Coffee With….Nuns Edition Continued!

Would we drink coffee with Katharina Von Bora – Luther

Cammy: Oh, no doubt  I would totally sit down for a cup of coffee with Katie Luther.  Maybe this is because I was raised a Lutheran and the single deviation from straight-up bible stories you got in Sunday school was that around Reformation Sunday you’d get one lesson on the 95 Theses, and if you were REALLY lucky your teacher would talk a little about how ex-monk Martin Luther married a former nun who was smuggled out of a convent in a fish barrel.

Seriously.  Renegade nuns in a barrel!  How could I not want to get this woman to sit down and have a cup of coffee?

My post Sunday-school knowledge of Katie is only marginally larger.  Data on her is limited.  To the fish barrel bit I’ve added knowledge that she was put into a convent at 5, took vows at 16 and after her escape Luther helped find a place for her to stay with the family of Lucas Cranach the Elder (a German artist–if you ever do costuming for the Reformation era in Germany, his works are fantastic resources).  Career options being limited, the idea was to marry her off.  She hit it off with one fellow, but his family disapproved.  Several others she didn’t like and finally Katie herself laid it out– it would be Luther or his buddy von Armsdorf, or she wasn’t getting married.  Who knows if Luther actually loved her, or just realized the woman would be able to take care of the place so he could work?  Because that is exactly what she did.  Raising kids (her own and those they adopted), raising cows, raising crops and–my personal favorite–brewing beer!  Luther refers to her in his writings as “My Lord Katie” and alludes more than once to her running the house, saying that in spiritual matters he looked to God, but in domestic matters he looked to Katie.

I need coffee to get the details and fill the gaps.  A renegade, fish-barrel nun who brews beer and rules the house while her hubby totters off to think and write deep thoughts.  There’s no way she’s not a witty woman.  Just no way.  Forget a treatise on being saved by grace not by works–I want to hear about brewing beer and how she got her hands on Protestant contraband before blowing out of that cloistered-Popsicle stand.

Kristy: I’ll admit I never heard of Katherina von Bora Luther before living with Cammy.  Little Methodist children didn’t get any lessons about renegade nuns and nailing theocrats to cathedral doors.  We didn’t even get Reformation Sunday.  But she sounds like a cool lady.  Clearly strongminded, not ruled by convention, but not in your face unless necessary.  You get the impression that if Marty forgot to wipe the mud off his boots before entering her kitchen he was likely to get a sound lashing from a wooden spoon.  Or perhaps worse, denied beer.  And I bet she’s not above sharing some convent gossip over a cup of strong coffee.  Sounds like a good time.

Cammy: Wait, wait, wait.  You don’t get a Reformation Sunday?  *gasp*  What’s the point of being Protestant?!?  And I think you’re right about the boots.  I suspect there was tight ship run in the Luther household.  I think we should grab your Sor Juana together so we can listen to them compare nun stories, though I suspect those stories would be better served with das bier than das kaffee.

Kristy: I guess maybe since us Methodists split from the Anglicans rather than directly from the Catholics we don’t have quite the special place for Marty that you Lutherans do.  Also, it’s possible we do have Reformation Sunday and just don’t do anything about it.  ‘Member we’re the warm, fuzzy variety of Protestants; and it’s hard to bother observing obscure holidays when you’re being all fuzzy.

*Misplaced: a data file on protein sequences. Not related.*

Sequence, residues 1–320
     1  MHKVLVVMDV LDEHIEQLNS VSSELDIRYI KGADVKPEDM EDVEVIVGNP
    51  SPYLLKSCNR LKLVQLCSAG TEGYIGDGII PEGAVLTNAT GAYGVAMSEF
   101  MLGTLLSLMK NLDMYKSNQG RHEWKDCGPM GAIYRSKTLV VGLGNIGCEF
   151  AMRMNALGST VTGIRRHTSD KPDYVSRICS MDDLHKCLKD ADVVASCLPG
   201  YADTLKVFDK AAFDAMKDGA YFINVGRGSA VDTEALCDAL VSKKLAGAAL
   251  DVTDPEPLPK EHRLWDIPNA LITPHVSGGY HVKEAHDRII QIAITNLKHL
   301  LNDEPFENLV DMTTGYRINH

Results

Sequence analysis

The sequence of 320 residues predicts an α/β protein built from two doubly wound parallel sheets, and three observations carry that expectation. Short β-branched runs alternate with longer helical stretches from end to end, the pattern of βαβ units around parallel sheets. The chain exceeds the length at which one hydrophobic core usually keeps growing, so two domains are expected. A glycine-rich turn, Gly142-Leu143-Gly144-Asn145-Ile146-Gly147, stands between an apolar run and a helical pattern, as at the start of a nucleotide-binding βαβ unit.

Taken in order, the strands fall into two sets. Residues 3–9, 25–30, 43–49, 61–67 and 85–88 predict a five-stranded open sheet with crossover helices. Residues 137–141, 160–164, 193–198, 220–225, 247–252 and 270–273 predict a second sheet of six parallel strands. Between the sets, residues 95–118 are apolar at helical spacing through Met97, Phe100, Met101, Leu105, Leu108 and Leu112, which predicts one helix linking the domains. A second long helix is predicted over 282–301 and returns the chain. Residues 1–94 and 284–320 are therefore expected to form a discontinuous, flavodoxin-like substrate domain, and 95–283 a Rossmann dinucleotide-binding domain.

Coffee With… Ben Franklin

Cammy: I really don’t think I could have coffee with Ben Franklin.  Not because I don’t like him or I’m scared of him or anything like that.  I just think that he would insist on beer.  And, me having no problems whatsoever with that most blessed of beverages–I agree with something Ben once said about beer being proof that God love us and wants us to be happy–I could totally follow him down to the nearest pub or bar for a pint and some good conversation.  As long as he didn’t try to hit on us.  I mean, I want to talk inventions, his choice not to patent his works–geeky stuff.  It’s tougher to do that if the old guy is flirting with you, ya know?  I also want to give him a little heck about his comments about German girls not being quality enough for an English guy to marry without a huge dowery.  Oh, yeah, we DEFINITELY have to have a little talk about that one, Ben.

Kristy: How could I not?  Out of all our founding father’s I suspect he was the most fun to hang out with.  Cammy’s probably right about the beer, and I’m not much of a beer drinker.  But I think Ben would be okay with me sipping on a nice glass of port while he drinks his beer.  Somehow I think he’d rather I drink port than a girly, fruity malt beverage like I tend to when forced to drink beer.  It would be interesting to hear what he thinks of us now.  I suspect he thinks Americans have retained more puritanical traits than he would have hoped.  As and early defender of Native Americans I’d hate to have to tell him how much we screwed that up.  I think we could have an interesting convo about American folklore though, and I think he’d be thrilled that people are studying it seriously, rather than trying to imitate the Europeans in everything.  Got to be careful though–I suspect Ben’s the kind of enabler who refills your glass when you’re not looking.  Definitely going tandem with Cammy on this one too.